The immune system can be heavily influenced by our unconscious mind, and it is thought that many allergic reactions may have a fundamentally psychological trigger. It may be possible for example for someone to unconsciously trigger an immune response as a way of escaping from a stressful situation. This process is involuntary in the conscious sense and can be seen as a fundamental survival mechanism. Hypnotherapy can be utilised to identify and remove this conditioned response behaviour.
Hypnotherapist Dave Elman believed that many allergic reactions are the result of past traumatic experiences and repressed emotion. Elman believed that where a patient suddenly begins to have a strong allergic reaction which previously did not occur, the allergy has probably always been present, and that only the reaction to it has changed, and that the severe reaction is precipitated by an emotional problem.
"Since the allergies have always been present and probably always will be, all that can be done in the light of present knowledge is to correct their effect. To my knowledge, no way has been found to cure an allergy; when we remove the reaction, we haven't caused allergen-sensitivity to disappear."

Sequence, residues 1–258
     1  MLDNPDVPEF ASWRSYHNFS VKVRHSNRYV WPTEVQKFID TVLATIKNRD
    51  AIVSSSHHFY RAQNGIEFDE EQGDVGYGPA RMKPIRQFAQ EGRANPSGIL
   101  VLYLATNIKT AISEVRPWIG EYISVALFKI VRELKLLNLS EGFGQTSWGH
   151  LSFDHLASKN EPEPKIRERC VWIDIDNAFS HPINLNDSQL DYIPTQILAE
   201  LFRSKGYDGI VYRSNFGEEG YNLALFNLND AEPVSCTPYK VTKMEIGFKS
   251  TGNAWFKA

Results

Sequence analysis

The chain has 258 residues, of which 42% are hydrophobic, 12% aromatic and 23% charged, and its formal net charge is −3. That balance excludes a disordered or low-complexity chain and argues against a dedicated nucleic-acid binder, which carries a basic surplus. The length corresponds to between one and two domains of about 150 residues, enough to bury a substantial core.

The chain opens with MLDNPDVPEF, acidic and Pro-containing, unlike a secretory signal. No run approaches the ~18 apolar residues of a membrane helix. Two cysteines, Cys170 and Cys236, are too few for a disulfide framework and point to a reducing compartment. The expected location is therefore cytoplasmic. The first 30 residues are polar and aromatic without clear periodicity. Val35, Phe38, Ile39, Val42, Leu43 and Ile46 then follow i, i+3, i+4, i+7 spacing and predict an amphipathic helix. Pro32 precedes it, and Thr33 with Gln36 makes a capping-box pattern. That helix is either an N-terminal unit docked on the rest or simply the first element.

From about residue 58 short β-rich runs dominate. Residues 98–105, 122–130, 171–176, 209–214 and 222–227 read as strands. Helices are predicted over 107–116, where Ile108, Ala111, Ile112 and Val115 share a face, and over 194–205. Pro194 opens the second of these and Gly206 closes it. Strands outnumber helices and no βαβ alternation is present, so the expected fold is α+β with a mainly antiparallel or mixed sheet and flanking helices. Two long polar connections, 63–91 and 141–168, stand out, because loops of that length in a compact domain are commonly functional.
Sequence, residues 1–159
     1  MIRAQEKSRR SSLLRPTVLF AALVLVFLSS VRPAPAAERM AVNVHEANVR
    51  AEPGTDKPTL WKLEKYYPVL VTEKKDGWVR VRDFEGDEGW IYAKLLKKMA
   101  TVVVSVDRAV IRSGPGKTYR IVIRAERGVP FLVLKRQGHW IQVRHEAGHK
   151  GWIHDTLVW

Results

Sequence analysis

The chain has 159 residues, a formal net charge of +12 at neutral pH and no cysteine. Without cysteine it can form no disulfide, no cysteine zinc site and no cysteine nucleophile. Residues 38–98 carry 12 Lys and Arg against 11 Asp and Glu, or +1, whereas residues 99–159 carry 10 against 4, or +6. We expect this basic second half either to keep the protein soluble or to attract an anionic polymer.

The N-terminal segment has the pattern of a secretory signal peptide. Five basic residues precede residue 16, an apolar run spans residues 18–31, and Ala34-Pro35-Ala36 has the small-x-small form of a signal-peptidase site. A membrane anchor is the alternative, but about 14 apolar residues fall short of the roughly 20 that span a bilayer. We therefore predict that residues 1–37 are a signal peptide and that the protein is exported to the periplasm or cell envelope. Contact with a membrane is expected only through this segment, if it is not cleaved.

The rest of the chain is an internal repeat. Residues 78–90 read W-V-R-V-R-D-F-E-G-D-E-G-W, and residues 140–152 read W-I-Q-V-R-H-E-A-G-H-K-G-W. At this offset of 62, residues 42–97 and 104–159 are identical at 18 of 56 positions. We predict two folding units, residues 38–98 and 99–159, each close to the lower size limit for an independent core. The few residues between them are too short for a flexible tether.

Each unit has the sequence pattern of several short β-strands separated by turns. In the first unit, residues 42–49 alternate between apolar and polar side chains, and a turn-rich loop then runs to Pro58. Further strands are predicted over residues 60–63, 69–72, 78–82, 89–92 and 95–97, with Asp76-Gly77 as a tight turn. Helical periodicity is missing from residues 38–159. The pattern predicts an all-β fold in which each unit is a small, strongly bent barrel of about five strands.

(Dave Elman - Hypnotherapy, 1964, Westwood Publishing Co.)
Of course we now know much more about the medical causes for conditions such as hay fever and asthma, however it still holds true that the effects of these conditions may be severely affected by emotional trauma or stress. It is not possible to 'cure' an allergy with Hypnosis, but it can be used to help manage the reactions to an allergy. Hypnotherapy can be used to work on stress or emotional factors which may be exacerbating the allergic reaction (eg. When the immune system is weakened as a result of stress) and thereby have an indirect effect on the intensity of an allergic reaction.
Not all allergies can be assisted by hypnosis, and when considering treatment in relation to an allergy then your doctor should always be consulted before commencing any course of hypnotherapy. After obtaining a medical diagnosis it may be worthwhile consulting a professional therapist to see whether hypnotherapy could help.
There are other dietary and alternative approaches to the treatment of allergies. There are a range of antihistamine drugs which are readily available over the counter, including non-sedative types. Eating more fish can be beneficial by increasing the intake of omega-3 fatty acids. Fruit and vegetables providing high levels of antioxidants (especially vitamins C and E) can be beneficial. Vitamin C and bioflavonoids found in citrus fruits have a natural antihistamine action. Supplements containing these elements may be taken.
Hypnosis recordings which can be downloaded right now and listened to via your computer or mp3 player. Available for many issues. Titles include 'Healing Power'.